“Take them, little goose-girl,” said the duke; “your ship has come in. This will be your dowry.”
An icy shiver ran up and down Gretchen’s spine, a shiver of wonder, delight, terror. A thousand crowns! A fortune!
“Hold out your hand,” requested Herbeck. One by one he laid the notes on the goose-girl’s hand. “This is only a just reward for being kind and gentle to the unfortunate.”
“And I shall add to it another thousand,” said Hildegarde. “Give them to me, father.”
In all, this fortune amounted to little more than four hundred dollars; but to Gretchen, frugal and thrifty, to whom a single crown was a large sum, to her it represented wealth. She was now the richest girl in the lower town. Dreams of kaleidoscopic variety flew through her head. Little there was, however, of jewels and gowns. This vast sum would be the buffer between her and hunger while she pursued the one great ambition of her life—music. She tried to speak, to thank them, but her voice was gone. Tears sprang into her eyes. She had the power to do no more than weep.
The duke was the first to relieve the awkwardness of the moment.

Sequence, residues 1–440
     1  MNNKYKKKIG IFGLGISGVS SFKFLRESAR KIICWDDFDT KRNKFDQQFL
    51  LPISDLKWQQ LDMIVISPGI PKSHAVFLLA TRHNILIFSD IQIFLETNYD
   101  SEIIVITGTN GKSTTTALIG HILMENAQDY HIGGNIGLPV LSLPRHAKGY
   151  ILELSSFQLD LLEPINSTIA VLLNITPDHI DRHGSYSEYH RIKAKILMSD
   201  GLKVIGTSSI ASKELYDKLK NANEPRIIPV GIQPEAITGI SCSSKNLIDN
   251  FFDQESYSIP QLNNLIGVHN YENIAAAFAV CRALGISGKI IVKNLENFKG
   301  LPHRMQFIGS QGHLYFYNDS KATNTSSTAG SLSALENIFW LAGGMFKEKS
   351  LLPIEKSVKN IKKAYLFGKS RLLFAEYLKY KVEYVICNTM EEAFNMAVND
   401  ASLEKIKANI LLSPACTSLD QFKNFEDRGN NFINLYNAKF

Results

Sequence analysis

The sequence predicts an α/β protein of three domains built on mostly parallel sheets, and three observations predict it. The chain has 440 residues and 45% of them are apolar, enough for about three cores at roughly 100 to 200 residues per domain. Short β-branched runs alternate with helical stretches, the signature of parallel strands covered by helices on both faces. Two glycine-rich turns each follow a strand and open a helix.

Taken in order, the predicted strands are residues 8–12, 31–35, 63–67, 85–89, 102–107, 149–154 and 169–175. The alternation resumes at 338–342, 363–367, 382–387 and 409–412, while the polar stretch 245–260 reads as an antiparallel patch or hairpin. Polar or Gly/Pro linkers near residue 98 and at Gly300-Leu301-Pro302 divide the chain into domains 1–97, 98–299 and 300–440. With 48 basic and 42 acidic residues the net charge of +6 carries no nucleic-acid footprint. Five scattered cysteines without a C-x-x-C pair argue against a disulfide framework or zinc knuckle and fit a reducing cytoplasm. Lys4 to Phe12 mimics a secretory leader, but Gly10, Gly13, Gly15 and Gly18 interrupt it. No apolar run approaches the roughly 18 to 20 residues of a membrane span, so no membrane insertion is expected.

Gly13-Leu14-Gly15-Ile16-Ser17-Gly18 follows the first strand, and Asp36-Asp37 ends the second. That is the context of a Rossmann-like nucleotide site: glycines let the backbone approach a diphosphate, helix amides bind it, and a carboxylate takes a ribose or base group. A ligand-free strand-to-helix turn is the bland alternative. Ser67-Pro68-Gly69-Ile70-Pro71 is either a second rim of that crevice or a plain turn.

“Count, has it not occurred to you that we stand in the presence of two very beautiful young women?”
Herbeck scrutinized Gretchen with care; then he compared her with the princess. The duke was right. The goose-girl was not a whit the inferior of the princess. And the thing which struck him with most force was that, while each possessed a beauty individual to herself, it was not opposite, but strangely alike.
The goose-girl had returned to her gloomy Krumerweg, the princess had gone to her apartments, and Herbeck to his cabinet. The duke was alone. For a long period he stood before the portrait of his wife. The beauties of his courtship trooped past him; for God had given to the grand duke of Ehrenstein that which He denies most of us, high or low, a perfect love.
“Always, always, dear heart,” he whispered; “in this life and in the life to come. To love, what is the sickle of death?”
He passed on to his secretary and opened a drawer. He laid a small bundle on the desk and untied the string. One by one he ranged the articles; two little yellow shoes, a little cloak trimmed with ermine. There had been a locket, but that was now worn by her highness.
Hermann Breunner lived in the granite lodge, just within the eastern gates of the royal gardens. He was a widower and shared the ample lodge with the undergardeners and their families. He lived with them, but signally apart. They gave him as much respect as if he had been the duke himself. He was a lonely, taciturn man, deeply concerned with his work, and a botanical student of no mean order. No comrade helped him pass away an evening in the chimney-corner, pipe in hand and good cheer in the mug. This isolation was not accidental, it was Hermann’s own selection. He was a man of brooding moods, and there was no laughter in his withered heart, though the false sound of it crossed his lips at infrequent intervals.